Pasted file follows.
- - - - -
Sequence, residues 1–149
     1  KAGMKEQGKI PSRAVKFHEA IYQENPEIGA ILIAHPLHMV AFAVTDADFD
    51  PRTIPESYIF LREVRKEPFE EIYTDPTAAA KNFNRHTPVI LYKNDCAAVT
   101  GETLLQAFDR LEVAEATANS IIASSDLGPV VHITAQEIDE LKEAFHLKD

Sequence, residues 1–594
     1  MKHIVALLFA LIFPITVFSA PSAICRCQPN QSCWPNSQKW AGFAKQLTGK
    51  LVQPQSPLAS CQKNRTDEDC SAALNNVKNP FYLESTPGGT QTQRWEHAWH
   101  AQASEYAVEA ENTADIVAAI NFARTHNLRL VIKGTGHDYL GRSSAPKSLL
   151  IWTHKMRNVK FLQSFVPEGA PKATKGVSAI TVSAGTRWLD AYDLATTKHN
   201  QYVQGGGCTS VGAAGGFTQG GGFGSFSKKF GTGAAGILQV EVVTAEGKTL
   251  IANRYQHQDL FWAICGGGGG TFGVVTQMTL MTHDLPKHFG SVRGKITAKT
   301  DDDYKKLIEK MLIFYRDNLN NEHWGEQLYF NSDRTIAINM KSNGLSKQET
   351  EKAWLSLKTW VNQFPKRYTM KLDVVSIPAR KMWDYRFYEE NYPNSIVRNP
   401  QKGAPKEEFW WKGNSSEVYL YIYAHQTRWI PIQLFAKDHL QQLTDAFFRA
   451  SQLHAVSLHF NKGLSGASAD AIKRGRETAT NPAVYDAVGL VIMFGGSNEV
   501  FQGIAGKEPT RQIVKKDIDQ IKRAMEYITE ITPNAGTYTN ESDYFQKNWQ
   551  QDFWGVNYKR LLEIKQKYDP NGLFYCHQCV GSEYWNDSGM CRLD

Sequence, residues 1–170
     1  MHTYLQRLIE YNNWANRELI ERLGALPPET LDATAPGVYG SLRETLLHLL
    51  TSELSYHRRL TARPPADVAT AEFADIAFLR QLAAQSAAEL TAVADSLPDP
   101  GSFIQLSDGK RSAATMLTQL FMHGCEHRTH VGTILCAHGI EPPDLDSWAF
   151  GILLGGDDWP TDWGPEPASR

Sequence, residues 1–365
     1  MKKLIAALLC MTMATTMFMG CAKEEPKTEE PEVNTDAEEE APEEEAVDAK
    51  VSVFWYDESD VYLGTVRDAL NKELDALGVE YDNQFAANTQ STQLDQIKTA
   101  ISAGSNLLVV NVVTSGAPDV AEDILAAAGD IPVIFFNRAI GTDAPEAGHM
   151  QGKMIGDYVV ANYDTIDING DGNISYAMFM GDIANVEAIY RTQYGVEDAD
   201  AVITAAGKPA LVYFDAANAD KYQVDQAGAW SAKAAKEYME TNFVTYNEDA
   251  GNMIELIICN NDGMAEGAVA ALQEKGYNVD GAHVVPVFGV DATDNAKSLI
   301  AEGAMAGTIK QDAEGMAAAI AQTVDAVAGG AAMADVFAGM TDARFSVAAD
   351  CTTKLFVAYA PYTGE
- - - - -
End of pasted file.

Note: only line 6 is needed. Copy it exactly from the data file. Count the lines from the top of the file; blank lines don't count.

     1  MKHIVALLFA LIFPITVFSA PSAICRCQPN QSCWPNSQKW AGFAKQLTGK